Terlingua Ranch, Big Bend Texas

Posted by https://www.promarkaviation.net/are-there-herpes-dating-sites/ on Mar 5, 2014 in Promark News | Comments Off on Terlingua Ranch, Big Bend Texas

 Terlingua 1 The wind funnels off Taurus Mesa and sweeps through the canyons of Terlingua Creek, stirring up some low level turbulence as we make the descent into the gravel strip at Terlingua Ranch. For the last hour we have flown over the convoluted landscape west of the Pecos, viewing the terrain carved by wind and water over eons of time. This is a harsh country with almost no surface water, little rain and sparse vegetation that consists mainly of cacti and creosote brush. But it has a desolate beauty reminiscent of southern Utah’s Monument Valley with fantastic carved outcroppings, dry washes and rocky ridges colored in rusty shades and tones of brown and orange.

Upon landing and climbing out of the airplane, you can’t help but notice the quiet. Other than the sighing of the warm southwesterly breeze, there are no other sounds. No traffic noise, no voices, human or animal, disturb the afternoon silence. At first it seems odd, almost unsettling, but then we faintly hear the drone of the other incoming aircraft as they make their approach. Soon all 10 of our travelling companions are parked and we shuttle to the cabins where we’ll spend the next couple of days. Our Adventure Flying Group, consisting of a cross-section of General Aviation pilots who share an interest in exploration, has selected Terlingua Ranch for our first foray.

TTerlingua 2he timing is coincidental but significant as Sunday is March 2nd, Texas Independence Day. Back in 1836 a group of settlers, feeling abused and neglected by the Mexican government, decided to revolt and take responsibility for their own circumstances. Today, some of their descendants are still searching for freedom from too much government and are turning away from the trappings of modern society to live a simpler, more independent life here in Big Bend. In a way, these people remind me of Alaskans we encountered last summer who are willing and able to take responsibility for their own welfare, who seek the solitude and who share the simple pleasures offered here. Many choose to live “off the grid”, collecting power from the sun and wind, water from the seasonal rains and consuming little of either along the way. Most don’t have television, air conditioning or much else that most of us consider essential. Many do have access to the internet, using the power of social media to connect to friends and family far away. Things the rest of us would never stop to think about often require a great deal of planning. When it is 80 miles to the hospital and hardware store, you get in the habit of making lists and checking them twice. Neighborliness becomes an essential skill as folks share labor, talent and equipment to perform basic tasks. And like any group, there are squabbles, outliers and oddballs but on the main, everyone makes the best of it. Visitors are made welcome, stories are shared and bonds are quickly formed. However, they don’t suffer fools well and you hear stories of the few who simply weren’t cut out for life out on the edge and who soon departed for something more suited to their liking.Terlingua 3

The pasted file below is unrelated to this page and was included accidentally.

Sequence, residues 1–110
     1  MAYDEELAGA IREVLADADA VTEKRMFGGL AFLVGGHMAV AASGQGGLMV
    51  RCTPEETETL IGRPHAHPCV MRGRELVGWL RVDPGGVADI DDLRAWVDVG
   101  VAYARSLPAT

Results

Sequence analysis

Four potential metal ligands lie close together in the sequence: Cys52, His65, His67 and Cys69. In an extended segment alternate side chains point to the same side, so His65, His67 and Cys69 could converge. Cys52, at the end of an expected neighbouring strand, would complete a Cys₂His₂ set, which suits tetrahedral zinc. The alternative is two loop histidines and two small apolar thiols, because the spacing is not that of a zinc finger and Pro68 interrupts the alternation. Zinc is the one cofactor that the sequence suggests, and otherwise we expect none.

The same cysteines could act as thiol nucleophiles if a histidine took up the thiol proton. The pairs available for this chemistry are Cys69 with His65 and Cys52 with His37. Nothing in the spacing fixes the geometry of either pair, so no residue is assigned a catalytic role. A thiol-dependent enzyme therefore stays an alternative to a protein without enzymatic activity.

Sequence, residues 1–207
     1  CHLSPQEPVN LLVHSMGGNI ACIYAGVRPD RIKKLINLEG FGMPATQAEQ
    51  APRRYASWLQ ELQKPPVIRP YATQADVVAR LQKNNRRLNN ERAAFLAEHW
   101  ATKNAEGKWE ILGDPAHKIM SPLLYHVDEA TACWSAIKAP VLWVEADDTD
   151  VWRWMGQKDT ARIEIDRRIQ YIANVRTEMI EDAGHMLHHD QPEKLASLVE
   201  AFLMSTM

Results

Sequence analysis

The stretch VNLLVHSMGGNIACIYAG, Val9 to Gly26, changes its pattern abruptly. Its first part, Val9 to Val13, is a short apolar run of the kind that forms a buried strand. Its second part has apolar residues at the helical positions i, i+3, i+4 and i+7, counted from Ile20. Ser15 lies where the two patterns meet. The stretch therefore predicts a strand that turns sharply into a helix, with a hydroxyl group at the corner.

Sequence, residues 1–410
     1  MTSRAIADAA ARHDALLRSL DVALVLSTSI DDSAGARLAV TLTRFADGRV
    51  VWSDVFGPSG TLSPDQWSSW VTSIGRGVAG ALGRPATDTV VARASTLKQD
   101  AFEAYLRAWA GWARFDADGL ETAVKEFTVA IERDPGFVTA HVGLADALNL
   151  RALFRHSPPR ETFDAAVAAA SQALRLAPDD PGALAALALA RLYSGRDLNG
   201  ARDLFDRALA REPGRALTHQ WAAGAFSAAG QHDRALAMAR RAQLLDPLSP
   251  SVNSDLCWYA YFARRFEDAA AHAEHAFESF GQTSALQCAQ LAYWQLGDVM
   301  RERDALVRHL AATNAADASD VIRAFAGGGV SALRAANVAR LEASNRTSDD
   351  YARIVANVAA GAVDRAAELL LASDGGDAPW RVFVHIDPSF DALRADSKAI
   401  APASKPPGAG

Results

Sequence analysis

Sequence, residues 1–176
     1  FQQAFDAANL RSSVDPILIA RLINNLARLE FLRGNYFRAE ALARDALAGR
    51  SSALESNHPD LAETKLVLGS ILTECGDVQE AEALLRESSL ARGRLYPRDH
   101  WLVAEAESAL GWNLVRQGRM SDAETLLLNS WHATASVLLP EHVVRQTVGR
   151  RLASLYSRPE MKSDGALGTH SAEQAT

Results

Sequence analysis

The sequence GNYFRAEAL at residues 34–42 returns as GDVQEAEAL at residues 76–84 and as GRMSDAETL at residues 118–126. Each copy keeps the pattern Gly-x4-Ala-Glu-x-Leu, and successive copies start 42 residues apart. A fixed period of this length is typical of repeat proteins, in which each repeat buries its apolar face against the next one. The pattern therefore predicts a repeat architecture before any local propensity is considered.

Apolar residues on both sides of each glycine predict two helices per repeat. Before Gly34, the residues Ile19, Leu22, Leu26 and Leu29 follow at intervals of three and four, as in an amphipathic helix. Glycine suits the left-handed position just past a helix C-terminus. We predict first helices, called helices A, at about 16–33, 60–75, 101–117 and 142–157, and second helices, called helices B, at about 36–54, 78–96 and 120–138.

Our small group of aviators shares some of the same attributes of independence. A sense of adventure, along with an acceptance of the challenges of flying small airplanes in remote regions is essential. These pilots and passengers enjoy and embrace the freedom of travelling with minimal oversight and maximum flexibility. Plans change based on weather and whims. Some leave early, some remain an extra day as their circumstances and desires dictate. As Jimmy Buffett sang, these folks choose not to “swim in a roped off sea”. But when they are gathered up, stories are shared, some even true. Laughter fills the air as friendships are formed or renewed and new adventures are planned. The party ebbs and flows from the porches to the airport and back to the Bad Rabbit Restaurant where adult beverages, Mexican food and live music help us get in sync with the Terlingua timeline. As we retire to the cabins, wading again through the silence, along gravel paths where shadows from the nearby peaks are cast from the undiluted starlight above, I can feel why we are drawn to this wild place.

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